Last Chance is first thought
Marina recycled goods operation gets calls from across the nation
By SILAS SPAETH
For the Salinas Californian
After becoming manager of the Last Chance Mercantile, Glen Evett was a little surprised by the calls from community waste facilities throughout the country asking for information about the Monterey Regional Waste Management District's successful recycling store.
In the early 1990s, the MRWMD decided to change from offering a monthly auction of reclaimed goods to hosting a permanent, 8,000-square-foot shop providing clothing, home and yard goods and yard materials such as mulch and decorative wood chips.
It attracted national attention as one of the first such retail outlets of salvaged goods at a landfill in the country.
"A while ago, a group from Delaware visited the store to learn more about its operation," Evett said. "I believe they then went home and opened up a similar facility."
The store does about $450,000 in actual sales volume annually, he said. Although the amount is impressive, Evett said it does not cover operation costs, which also include the adjoining Household Hazardous Waste program.
"We have a staff of nine people," Evett explained. "The rising cost of health insurance, plus general operating expenses, take a big chunk of the pie. We salvage about 1,200 tons of materials per year, including what people drop off and what our crew recovers from the trash."
Used lumber, doors, windows and other construction materials are among the store's best sellers. Furniture and clothing also move well, as do electronic goods and outdoor items like mulch.
Because of an increased awareness of the store's existence, donations now exceed what's gleaned from landfill drop-offs. If an item doesn't sell in the store, it's sent to a charitable organization or, if it is a lumber product, ground up for wood chips. The idea is to keep as much as possible from being sent to the landfill.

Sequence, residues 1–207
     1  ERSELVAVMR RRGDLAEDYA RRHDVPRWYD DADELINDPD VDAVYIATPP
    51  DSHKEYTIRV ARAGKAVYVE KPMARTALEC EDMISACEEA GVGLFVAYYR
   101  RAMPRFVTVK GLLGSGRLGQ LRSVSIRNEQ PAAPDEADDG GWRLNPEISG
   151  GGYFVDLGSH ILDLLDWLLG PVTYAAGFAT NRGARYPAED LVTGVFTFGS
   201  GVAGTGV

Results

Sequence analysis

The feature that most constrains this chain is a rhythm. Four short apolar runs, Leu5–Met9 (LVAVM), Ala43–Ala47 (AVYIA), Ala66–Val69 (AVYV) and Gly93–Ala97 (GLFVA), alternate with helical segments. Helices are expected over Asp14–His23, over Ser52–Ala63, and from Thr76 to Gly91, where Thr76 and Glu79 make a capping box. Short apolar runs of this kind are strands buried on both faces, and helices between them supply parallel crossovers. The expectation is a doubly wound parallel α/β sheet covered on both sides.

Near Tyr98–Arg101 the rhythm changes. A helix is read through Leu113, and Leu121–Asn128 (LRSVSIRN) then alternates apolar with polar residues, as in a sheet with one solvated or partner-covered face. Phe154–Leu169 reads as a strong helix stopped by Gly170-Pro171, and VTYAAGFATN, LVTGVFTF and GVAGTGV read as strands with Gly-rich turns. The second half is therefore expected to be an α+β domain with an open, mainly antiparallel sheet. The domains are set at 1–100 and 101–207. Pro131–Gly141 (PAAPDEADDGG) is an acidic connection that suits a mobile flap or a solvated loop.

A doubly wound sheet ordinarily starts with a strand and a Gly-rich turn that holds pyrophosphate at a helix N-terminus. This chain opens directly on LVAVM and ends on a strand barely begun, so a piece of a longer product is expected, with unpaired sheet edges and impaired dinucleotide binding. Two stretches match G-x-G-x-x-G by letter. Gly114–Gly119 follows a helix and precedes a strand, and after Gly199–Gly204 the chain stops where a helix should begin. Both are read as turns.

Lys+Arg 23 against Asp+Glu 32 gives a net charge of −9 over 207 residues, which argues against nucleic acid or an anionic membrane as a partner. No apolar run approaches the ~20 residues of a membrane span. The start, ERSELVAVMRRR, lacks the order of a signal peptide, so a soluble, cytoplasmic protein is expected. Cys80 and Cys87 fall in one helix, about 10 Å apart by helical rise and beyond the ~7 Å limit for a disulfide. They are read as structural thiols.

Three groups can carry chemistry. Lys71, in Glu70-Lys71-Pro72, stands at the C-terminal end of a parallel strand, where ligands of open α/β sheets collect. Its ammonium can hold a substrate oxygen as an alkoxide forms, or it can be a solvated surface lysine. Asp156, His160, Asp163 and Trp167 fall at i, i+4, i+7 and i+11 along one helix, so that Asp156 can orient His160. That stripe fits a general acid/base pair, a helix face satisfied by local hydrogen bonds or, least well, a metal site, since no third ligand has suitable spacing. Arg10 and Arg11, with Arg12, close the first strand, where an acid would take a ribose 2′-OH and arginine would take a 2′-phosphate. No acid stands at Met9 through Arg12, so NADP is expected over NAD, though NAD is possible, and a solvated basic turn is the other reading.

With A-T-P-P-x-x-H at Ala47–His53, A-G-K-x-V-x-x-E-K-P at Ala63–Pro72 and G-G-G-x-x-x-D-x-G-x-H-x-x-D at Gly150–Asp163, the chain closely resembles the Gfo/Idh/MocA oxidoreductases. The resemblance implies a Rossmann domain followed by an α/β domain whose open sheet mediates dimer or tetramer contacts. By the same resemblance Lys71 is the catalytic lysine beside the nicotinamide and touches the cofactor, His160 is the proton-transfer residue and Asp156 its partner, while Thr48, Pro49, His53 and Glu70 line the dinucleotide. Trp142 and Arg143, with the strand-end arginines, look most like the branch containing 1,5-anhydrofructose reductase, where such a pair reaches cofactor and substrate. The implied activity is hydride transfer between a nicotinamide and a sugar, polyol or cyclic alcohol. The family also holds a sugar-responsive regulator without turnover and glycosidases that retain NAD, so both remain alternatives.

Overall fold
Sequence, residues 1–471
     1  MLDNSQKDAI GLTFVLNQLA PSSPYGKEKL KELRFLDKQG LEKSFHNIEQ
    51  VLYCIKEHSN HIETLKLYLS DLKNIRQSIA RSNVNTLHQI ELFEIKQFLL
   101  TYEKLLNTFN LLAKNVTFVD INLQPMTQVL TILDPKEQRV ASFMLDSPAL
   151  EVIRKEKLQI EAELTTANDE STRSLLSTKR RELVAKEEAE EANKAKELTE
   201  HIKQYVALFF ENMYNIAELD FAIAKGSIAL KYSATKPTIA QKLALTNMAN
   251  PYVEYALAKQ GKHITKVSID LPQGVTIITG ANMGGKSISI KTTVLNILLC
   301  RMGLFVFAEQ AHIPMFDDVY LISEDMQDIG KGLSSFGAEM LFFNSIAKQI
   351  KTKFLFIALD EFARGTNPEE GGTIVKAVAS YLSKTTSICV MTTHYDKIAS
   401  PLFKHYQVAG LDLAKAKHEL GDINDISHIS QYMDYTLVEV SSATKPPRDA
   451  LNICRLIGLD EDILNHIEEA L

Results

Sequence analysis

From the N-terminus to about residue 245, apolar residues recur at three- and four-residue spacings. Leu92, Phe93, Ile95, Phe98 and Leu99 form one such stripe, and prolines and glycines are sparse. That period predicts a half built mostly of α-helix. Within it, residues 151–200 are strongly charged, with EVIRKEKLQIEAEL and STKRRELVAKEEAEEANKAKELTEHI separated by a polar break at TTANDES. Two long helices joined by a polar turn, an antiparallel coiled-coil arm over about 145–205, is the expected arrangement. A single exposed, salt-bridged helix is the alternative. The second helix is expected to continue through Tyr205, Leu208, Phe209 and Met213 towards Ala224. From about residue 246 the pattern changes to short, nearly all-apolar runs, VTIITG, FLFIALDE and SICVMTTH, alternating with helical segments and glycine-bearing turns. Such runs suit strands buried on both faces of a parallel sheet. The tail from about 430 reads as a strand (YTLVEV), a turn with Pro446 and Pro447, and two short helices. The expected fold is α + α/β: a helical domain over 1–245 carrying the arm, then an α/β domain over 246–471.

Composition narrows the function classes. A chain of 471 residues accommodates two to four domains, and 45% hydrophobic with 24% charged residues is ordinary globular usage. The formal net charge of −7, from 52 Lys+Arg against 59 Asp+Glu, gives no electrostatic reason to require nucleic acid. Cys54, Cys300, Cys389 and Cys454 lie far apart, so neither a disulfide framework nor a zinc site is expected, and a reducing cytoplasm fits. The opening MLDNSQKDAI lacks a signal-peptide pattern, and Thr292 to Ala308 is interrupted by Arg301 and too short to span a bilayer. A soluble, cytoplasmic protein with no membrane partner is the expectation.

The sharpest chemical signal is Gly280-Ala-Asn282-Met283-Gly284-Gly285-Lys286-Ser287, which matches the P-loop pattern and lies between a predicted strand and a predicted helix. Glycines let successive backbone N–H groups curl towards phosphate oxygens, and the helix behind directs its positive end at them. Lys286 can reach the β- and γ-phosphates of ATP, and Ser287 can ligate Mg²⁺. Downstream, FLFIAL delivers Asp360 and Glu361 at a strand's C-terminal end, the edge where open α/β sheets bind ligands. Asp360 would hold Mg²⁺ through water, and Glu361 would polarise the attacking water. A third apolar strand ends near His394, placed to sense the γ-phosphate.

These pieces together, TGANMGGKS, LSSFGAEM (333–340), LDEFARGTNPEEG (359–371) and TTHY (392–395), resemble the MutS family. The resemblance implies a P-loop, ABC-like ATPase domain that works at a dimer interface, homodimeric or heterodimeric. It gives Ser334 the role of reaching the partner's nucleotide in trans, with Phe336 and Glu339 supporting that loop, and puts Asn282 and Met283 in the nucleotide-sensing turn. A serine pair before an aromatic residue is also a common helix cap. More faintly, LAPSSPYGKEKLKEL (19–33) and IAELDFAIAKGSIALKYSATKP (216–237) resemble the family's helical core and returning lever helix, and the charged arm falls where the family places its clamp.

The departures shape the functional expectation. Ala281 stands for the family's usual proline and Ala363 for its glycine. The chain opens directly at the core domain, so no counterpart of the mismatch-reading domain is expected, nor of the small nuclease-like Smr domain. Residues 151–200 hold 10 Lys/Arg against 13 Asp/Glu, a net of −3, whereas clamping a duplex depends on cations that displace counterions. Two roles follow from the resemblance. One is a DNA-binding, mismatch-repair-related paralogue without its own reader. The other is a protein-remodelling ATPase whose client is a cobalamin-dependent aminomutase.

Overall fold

If an item has not sold quickly, the staff lowers the price and is more than willing to bargain with a customer.
"We like to think we have the lowest prices for a retail establishment in the area," he said.
With two professional compost operations on the landfill site, people who purchase compost at Last Chance Mercantile get a good product at a very good price. Sold by the bag or truck load, the composted soil sells well as do the colored wood chips and other garden materials.
Evett, a Salinas resident, has managed the Household Hazardous Waste/Last Chance Mercantile site since 1999.
He said his hazardous waste team receives 10,000 "turn-ins" a year from people who drop items off, generating 550,000 pounds of solid waste.
The top materials the unit handles include paint, motor oil, solvents and various yard chemicals and garden sprays.
"We are also beginning to take prescription and over-the-counter medications," Evett said. "Also, e-waste, fluorescent tubes and batteries are now part of the mix."
As of February, landfills can no longer accept household batteries. Eventually, communities will have sites for battery drop-off, but for now the recycling center is the only location that takes them. The best strategy is to collect used batteries at home and drop them off once or twice a year, he said.
"It's starting slowly, but people are aware of the program and they are dropping batteries off," Evett said. "The disposal of e-waste items has appreciably increased as well."
Except for television and computer monitors, there is no charge for dropping items off at the household hazardous waste disposal for those who live within the boundaries of the MRWMD site.